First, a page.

The Hari River or Harirud is a river flowing 1100 kilometers from the mountains of central Afghanistan to Turkmenistan, where it disappears in the Kara-Kum desert. Rud means “river” in Persian.
In Turkmenistan it is known as the Tejen or Tedzhen river and passes close to the city of Tedzhen. In Latin, it was known as the Tarius.
The river originates in the Baba mountain range, part of the Hindu Kush system, and follows a relatively straight course to the west.
In western Afghanistan the Hari River flows to the south of Herat. The valley around Herat was historically famous for its fertility and dense cultivation. The river meets the Jam River at the site of the Minaret of Jam, the second tallest ancient minaret in the world at 65 meters.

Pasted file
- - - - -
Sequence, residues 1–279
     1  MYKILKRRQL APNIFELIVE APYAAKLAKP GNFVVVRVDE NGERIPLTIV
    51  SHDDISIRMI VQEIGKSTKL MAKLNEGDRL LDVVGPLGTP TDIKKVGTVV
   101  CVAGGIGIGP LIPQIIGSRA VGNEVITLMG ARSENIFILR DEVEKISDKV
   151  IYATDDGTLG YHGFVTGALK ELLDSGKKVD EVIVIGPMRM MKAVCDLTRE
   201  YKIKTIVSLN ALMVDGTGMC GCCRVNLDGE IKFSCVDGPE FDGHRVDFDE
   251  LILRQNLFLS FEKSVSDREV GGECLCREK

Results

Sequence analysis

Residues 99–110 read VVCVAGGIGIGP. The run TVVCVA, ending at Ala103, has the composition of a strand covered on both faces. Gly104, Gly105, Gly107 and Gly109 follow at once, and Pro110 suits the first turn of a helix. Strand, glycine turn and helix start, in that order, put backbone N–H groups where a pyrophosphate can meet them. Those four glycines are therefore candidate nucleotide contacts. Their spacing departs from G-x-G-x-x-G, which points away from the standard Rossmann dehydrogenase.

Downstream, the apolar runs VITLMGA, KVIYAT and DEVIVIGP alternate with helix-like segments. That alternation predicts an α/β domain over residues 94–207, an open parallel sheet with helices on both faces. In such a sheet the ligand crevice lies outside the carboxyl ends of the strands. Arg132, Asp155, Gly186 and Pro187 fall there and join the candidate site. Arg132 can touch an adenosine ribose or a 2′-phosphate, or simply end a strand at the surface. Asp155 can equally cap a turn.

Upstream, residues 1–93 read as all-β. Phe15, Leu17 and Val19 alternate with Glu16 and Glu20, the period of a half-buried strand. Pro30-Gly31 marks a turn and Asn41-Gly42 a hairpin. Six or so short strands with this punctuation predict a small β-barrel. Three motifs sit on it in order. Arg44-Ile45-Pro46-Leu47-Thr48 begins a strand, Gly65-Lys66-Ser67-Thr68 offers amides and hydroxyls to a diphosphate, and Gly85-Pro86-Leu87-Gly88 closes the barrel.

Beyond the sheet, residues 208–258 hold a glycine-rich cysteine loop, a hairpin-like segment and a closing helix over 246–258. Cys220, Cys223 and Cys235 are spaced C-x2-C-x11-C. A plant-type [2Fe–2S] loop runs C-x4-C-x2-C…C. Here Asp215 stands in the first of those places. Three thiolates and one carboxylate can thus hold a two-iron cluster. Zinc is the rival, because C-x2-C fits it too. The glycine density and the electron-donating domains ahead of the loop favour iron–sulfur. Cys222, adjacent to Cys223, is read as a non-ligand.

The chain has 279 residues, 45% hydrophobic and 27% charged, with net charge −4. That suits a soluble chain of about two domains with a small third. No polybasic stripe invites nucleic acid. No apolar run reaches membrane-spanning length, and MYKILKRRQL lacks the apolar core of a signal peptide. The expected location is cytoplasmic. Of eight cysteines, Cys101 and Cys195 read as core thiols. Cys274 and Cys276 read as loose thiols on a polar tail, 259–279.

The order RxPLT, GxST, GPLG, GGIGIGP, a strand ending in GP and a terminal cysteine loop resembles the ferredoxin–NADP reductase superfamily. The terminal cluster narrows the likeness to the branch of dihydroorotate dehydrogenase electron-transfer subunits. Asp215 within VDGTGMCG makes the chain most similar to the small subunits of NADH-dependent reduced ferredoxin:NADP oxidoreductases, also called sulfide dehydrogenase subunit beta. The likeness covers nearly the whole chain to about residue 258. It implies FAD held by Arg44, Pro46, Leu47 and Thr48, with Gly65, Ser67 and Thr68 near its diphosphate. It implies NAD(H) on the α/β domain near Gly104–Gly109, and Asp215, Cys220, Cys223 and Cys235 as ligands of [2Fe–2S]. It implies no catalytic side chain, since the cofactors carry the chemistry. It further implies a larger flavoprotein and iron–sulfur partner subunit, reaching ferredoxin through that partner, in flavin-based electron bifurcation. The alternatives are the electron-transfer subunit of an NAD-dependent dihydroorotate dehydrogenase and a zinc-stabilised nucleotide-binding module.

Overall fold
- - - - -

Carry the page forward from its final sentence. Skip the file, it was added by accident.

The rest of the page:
After Herat, the river turns northwest, then north, forming the northern part of the border between Afghanistan and Iran. Farther north it forms the south-eastern part of the border between Iran and Turkmenistan. The Iran–Turkmenistan Friendship Dam is on the river.
In 2000, the river dried up completely during a 10-month drought.
The Rigveda records the Harirud as River Sarayu. The river Horayu is also mentioned in the Avesta. A Buddhist monastery hand-carved in the bluff of the river Harirud existed in the first centuries during the prevalence of Buddhism. The artificial caves revealed testimony of daily life of the Buddhist monks.